What is bullying?
"Bullying is both behaviour and impact; the impact is on a person's capacity to feel in control of themselves. This is what we term as their sense of 'agency'. Bullying takes place in the context of relationships; it is behaviour that can make people feel hurt, threatened, frightened and left out. This behaviour happens face to face and online". Respect for All 2015
All children and young people have the right to come to school and feel respected, included and safe.
Bullying behaviours can include (amongst others):
- Being called names
- Being hit, tripped, pushed or kicked
- Having belongings taken or damaged
- Being ignored, left out
- Abusive messages/images on social media
Stirling’s schools and nurseries value cultures where:
- Children’s rights are at the forefront
- Diversity is fostered
- Respectful relationships, built on mutual trust and understanding, are developed
Local guidance includes an explicit commitment to addressing all forms of bullying including prejudiced based. Prejudiced based bullying includes incidents which have been motivated by difference.
These differences could be due to the protected characteristics as well as reasons not listed in the Equality Act including:
- Additional Support Needs
- Asylum Seekers and Refugees
- Physical Appearance
- Gender Identity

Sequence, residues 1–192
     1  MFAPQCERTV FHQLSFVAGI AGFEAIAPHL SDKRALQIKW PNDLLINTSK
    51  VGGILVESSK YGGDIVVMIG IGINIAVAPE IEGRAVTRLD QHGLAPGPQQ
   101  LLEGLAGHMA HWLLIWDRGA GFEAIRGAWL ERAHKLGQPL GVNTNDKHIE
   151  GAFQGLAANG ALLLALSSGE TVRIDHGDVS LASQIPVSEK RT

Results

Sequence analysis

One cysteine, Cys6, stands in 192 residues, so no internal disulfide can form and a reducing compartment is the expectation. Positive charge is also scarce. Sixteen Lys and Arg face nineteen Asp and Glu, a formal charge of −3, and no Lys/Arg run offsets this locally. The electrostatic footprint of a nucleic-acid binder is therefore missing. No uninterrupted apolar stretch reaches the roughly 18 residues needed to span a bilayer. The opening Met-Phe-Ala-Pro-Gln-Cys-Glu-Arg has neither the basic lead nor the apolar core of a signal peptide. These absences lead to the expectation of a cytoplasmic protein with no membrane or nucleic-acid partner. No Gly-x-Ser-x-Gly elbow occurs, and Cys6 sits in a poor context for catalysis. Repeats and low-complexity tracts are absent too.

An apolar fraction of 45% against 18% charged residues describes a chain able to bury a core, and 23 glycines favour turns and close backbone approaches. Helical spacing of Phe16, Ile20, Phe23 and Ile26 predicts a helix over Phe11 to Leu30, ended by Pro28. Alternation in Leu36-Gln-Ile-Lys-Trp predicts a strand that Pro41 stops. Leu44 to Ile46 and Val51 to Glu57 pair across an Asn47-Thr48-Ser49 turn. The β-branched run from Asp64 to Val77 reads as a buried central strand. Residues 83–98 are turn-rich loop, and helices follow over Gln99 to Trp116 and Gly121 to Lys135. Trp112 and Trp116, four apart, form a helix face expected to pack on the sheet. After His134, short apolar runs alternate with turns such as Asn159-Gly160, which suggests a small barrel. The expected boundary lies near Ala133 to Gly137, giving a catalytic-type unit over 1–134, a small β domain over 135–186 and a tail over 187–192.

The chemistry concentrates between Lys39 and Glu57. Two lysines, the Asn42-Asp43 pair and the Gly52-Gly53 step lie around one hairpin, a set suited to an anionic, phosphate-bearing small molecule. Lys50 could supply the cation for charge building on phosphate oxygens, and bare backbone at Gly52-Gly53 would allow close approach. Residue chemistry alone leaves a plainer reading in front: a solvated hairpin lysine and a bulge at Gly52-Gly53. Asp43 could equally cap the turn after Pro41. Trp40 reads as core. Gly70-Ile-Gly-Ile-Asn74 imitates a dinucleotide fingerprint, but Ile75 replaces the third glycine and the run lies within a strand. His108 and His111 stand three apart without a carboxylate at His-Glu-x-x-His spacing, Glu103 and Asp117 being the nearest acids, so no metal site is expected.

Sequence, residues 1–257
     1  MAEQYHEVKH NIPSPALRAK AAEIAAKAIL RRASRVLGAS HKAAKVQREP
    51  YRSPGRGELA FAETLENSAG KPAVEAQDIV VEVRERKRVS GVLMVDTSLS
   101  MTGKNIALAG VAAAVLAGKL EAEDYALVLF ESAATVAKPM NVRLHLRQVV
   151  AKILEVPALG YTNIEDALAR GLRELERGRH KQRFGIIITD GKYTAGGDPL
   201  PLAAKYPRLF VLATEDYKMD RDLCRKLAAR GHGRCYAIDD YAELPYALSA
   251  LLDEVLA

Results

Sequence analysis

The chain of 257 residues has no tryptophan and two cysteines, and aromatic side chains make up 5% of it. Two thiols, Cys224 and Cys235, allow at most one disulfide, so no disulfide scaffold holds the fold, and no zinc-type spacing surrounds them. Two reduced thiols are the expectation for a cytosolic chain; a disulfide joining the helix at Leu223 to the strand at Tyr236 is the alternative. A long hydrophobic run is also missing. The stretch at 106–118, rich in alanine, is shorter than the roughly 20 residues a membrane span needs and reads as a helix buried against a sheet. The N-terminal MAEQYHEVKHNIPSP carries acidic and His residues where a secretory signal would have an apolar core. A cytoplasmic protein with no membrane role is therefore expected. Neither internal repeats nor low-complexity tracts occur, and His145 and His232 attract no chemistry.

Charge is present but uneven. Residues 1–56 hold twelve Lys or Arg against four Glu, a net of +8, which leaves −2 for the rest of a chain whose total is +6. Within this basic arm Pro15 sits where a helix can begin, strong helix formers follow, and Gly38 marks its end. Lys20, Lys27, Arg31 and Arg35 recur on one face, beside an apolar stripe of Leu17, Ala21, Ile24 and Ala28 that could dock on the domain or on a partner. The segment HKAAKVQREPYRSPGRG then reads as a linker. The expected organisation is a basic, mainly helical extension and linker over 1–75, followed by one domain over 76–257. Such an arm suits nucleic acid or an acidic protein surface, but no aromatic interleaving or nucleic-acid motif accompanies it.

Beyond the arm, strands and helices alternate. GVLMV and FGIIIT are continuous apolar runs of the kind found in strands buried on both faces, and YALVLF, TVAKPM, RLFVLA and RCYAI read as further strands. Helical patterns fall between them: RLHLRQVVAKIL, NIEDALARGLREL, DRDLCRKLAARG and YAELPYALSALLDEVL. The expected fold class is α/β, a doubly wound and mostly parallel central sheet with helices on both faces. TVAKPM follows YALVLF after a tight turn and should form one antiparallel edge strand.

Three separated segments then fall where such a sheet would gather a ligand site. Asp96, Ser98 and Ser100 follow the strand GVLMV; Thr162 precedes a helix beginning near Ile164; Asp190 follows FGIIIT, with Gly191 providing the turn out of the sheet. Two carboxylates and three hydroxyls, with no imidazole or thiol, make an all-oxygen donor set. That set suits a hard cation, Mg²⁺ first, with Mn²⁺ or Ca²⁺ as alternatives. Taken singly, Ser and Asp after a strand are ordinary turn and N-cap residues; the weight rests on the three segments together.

- Gypsy Travellers
- Care Experienced
All schools and nurseries have their own anti-bullying policies that endorse the national values and vision and describe how they promote a nurturing culture and ethos where bullying behaviours are not tolerated.
Stirling’s approach to anti-bullying has been refreshed is in line with the national policy: Respect for All: The National Approach to Anti-Bullying for Scotland’s Children and Young People.
Bullying behaviour and promoting positive relationships is taken very seriously by all nurseries, primary schools and secondary schools. All establishments have a policy in place to describe how they promote an inclusive culture and to set out how bullying incidents and restoring relationships are approached.
Children and young people often use Stirling Council services outside of school (clubs, libraries etc), therefore “Stirling’s Approach to Respect for All: Preventing and Challenging Bullying Behaviour provides guidance for all Stirling Council services who have contact with children and young people.
The Scottish Government guidance, Respect for All, describes out how important respectful, positive relationships are in making sure bullying behaviour cannot thrive.